As the awards season gets into full swing, you have received an invitation to this Sunday’s BAFTAs at London’s Royal Opera House as you are best friends with one of the nominees. But could such a glamorous occasion have nasty tax consequences?
The invitation could not have come at a better time as you have received a very healthy dividend from a Javanese company in which you have a significant holding which was paid into your Jersey bank account. This is the perfect excuse to get a new outfit. You decided to buy a gorgeous dress in Milan and a radiant diamond necklace at auction in Paris and you are now making your way back to London.
You live in the UK but are not UK domiciled (as your heart lies in your native Papua New Guinea) and you have decided to pay tax on the remittance basis. You don’t have to worry about VAT or customs duty as you bought your outfit from within the European Union but do you have to pay UK income or capital gains tax as you’re bringing your new acquisitions into the country?
Remittance basis of taxation
Usually all UK residents are taxed on all of their worldwide income and gains, regardless of whether these are brought into or enjoyed in the UK. However, if you are resident but not domiciled in the UK, you can elect to be taxed on the remittance basis so that you are only taxed on non-UK income and gains to the extent that such income or gains are brought into or enjoyed in the UK.
You have taken advice and have elected to be taxed on the remittance basis for this tax year as most of your income comes from non-UK sources. Even though you have had to pay to access the remittance basis of taxation, this works well for you as your foreign income and gains will not be subject to UK income and capital gains tax.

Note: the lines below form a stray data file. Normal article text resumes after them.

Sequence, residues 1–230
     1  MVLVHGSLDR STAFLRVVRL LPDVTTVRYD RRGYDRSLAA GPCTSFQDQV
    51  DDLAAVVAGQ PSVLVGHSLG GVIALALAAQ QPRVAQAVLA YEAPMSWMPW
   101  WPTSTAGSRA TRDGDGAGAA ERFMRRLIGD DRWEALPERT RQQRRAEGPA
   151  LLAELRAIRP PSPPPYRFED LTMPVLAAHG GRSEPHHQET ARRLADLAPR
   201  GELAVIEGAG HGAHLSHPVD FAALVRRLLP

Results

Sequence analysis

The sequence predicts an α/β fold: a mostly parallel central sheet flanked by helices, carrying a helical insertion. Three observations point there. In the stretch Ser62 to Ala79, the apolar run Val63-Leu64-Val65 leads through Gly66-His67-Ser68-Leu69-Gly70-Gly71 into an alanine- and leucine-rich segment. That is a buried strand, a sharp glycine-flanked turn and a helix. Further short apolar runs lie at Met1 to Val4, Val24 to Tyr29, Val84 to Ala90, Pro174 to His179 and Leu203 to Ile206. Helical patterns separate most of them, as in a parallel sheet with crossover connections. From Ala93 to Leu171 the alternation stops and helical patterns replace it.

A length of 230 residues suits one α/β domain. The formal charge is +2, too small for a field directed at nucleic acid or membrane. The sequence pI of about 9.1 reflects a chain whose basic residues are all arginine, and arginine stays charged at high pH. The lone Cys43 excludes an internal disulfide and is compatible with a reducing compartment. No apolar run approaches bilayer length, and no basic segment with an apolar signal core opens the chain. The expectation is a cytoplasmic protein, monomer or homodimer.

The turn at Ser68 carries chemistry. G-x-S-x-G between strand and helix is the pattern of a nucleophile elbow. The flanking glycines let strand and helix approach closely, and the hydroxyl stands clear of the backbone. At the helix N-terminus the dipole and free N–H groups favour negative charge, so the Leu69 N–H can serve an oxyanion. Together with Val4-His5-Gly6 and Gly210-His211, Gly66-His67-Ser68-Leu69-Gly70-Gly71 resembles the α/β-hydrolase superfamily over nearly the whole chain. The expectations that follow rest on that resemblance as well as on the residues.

But this doesn’t mean that you will not pay any income tax or capital gains tax. You will still have to pay tax on UK source income and gains from UK property as well as tax on foreign income or gains that you remit into the UK – potentially even in the form of that diamond necklace.
What is a remittance?
At its simplest, a remittance of your foreign income and gains takes place when you bring cash representing your foreign income or gains into the UK. But there are a number of rules which widen the definition of a remittance. This is to prevent you from structuring your affairs in such a way that means that you can enjoy the foreign income and gains inside the UK without physically bringing the cash here.
These include the rule that a remittance is not just restricted to cash that represents the foreign income or gains but covers property that is derived from said income or gains (eg the necklace). In addition, any such property brought into the UK by your spouse or civil partner, minor children or grandchildren or the trustees of a trust of which you are a beneficiary will also be a remittance by you.
There are some exemptions though. If the property is exempt, bringing it into the UK will not be a remittance which means that you will not have to pay income or capital gains tax on it. The exemptions are:
– property that is brought into the UK for repair;
– property that is brought into the UK for temporary importation;
– property that is culturally important and brought into the UK for public display;
– property that has a value of less that £1,000; and
– property for personal use.
Luckily your outfit falls into one of the exemptions. I would imagine it’s not because your dress or your diamond necklace is worth less than £1,000 (perish the thought!) but because they are for your personal use. So you don’t need to worry about the tax inspectors scrutinising the contents of your luggage to see what tax you need to pay on the clothes and jewellery you bring into the UK. Now you can sparkle on Sunday at the Royal Opera House without worrying the tax inspector is in the row behind you.
Hilesh Chavda is an associate at boutique private wealth law firm Maurice Turnor Gardner LLP: email@example.com